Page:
by Ian Frank
With my first full day in Haiti about to begin, I did not have a single clue what I would encounter. Starting with the beginning of the day with a breakfast of powdered milk and cereal, and varying degrees of coffee quality, I knew today would be a good one. For one, I was excited to play with the school children. I have always been pretty good around kids, now it was time to put actions behind my words. Little did I know how the love of the children, love of futbol, and the Haitian climate would affect me.
After a relatively cool morning chore of coating a ship tanker with rust resistant paint, it was time for the highlight of my day, recess. The Haitian school on our compound has recess at ten o’ clock. Tim and I were especially stoked for the chance to get to interact with the young boys and girls. As I walked over to the playground, four little boys came running up to Tim and I, mimicking the actions of the other adults around us, we gave them piggy rides. This relatively small action had an interesting effect on me.
The only form of communication I had with the children was, "what is your name?" beyond that, I had not a clue what they were asking me or saying about me. This lack of verbal communication enhanced the need for physical communication. After learning my name, the kids just wanted to hold my hand, get a piggy ride, or just look and smile at you. I loved it. Even though we spoke a completely different language, I felt a deep bond to these kids. They do not care who you are, what you have done, or anything, just as long as you give them your time and attention.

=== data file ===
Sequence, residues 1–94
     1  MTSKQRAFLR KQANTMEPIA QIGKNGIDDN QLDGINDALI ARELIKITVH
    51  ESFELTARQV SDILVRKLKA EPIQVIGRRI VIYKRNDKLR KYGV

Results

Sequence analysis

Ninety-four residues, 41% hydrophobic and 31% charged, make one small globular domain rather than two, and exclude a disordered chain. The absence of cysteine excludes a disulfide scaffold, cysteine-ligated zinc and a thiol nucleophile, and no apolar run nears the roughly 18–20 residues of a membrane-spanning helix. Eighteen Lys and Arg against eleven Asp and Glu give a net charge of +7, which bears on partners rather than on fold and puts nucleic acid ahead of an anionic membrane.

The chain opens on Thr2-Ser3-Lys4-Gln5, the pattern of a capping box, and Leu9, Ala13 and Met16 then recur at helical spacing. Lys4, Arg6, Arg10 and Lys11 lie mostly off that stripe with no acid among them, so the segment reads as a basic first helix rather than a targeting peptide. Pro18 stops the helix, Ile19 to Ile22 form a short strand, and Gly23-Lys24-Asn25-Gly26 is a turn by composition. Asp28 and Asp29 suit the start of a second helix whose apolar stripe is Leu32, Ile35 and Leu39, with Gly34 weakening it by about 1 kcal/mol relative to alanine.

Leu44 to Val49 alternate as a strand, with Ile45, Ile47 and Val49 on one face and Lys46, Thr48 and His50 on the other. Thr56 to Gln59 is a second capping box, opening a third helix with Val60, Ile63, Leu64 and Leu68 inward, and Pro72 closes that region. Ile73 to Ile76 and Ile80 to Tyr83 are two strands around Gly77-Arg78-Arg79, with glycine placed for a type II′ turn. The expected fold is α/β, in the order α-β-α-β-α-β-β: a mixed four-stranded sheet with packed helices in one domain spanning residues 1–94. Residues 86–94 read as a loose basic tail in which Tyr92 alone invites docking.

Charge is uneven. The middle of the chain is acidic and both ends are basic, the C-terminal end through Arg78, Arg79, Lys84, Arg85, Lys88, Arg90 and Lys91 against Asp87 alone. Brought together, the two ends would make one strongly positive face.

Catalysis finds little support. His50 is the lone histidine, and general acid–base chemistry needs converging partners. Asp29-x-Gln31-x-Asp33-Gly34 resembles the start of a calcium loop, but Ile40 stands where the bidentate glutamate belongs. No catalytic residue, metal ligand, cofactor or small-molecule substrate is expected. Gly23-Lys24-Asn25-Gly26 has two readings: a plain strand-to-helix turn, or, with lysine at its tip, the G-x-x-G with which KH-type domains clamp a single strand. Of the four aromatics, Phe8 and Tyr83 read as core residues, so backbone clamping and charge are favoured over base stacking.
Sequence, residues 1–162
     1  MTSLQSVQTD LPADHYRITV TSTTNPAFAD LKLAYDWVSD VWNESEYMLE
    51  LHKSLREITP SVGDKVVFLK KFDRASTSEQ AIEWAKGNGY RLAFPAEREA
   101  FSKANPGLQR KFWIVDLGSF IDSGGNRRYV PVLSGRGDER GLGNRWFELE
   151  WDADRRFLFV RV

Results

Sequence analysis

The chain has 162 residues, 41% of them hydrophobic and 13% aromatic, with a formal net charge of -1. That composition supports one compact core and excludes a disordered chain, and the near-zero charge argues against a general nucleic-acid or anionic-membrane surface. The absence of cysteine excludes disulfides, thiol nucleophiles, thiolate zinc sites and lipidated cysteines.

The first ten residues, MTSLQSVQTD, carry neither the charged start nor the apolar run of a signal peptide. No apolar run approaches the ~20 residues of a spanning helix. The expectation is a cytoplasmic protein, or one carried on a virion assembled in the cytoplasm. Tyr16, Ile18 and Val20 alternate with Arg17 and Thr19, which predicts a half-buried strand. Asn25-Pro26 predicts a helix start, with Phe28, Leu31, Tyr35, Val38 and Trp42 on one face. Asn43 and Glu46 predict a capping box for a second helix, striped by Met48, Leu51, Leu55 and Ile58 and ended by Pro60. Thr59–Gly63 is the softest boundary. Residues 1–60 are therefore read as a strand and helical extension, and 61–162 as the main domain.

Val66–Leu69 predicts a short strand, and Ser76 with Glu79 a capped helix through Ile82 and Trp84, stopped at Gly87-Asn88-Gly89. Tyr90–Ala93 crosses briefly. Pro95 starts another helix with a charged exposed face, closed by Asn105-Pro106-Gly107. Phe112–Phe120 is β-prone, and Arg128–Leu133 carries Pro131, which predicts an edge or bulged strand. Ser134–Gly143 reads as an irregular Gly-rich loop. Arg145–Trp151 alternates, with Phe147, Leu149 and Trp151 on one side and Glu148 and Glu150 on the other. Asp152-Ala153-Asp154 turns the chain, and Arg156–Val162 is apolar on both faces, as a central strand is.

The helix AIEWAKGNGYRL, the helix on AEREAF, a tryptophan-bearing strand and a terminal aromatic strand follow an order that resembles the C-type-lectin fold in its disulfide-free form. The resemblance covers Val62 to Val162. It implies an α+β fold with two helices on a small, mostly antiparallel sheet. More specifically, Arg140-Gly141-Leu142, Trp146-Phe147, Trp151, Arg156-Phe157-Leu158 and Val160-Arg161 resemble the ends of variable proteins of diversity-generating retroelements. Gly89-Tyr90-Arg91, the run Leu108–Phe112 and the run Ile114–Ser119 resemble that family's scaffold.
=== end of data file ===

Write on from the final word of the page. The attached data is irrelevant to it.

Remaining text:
Once Tim and I were acquainted and accepted into the throngs of children, we decided that a futbol game was in order. During the next hour, I learned three things: 1. I am not as good at soccer as I thought, 2. I most defiantly do not know Créole, nor can I remotely follow what is being conversed, and 3. the sun and heat are a lot more intense in this little nation. Thanks to my Créole, I eventually ended up as goalie on my team… poor choice. Since I am tall, I must be a phenomenal goalie (or so they probably reasoned). Yes, I am tall, and yes, I have long arms and legs, but when it comes to putting everything together to stop a speeding ball, I fall horrendously short. Even though I cost my team eight points total, the kids that hung out by the goal posts were quite entertained by my (lack of) skill as team goalie.
After about an hour of running and kicking and pushing my way around the soccer field, I could finally appreciate the intense heat and punishing sun. I cannot remember the last time I felt that hot. As my body became weaker, and my mind to slip, I realized that I have not had any fluids for the whole game. Once retiring, and about fiftyish ounces of water and lunch coursing through my veins, I started to feel normal. This heat is intense. For me at least, it is bearable to do chores and walk around campus, but playing soccer with energized school students is a whole different ball game (pun intended).
My first full day on campus with Nehemiah Visions has me even more stoked for the days to come. The children and the heat alone make this a place to remember. This is a place I will sorely miss. You can feel the need and the love everywhere. Although skeptical and nervous at first, I know I am here for a reason; there is no doubt in my mind about that. I am certain that the next day’s God will expose me to even more adventures and a chance to grow closer to Him.
Here is a look at the Dots in Blue Water Team from Berne, Indiana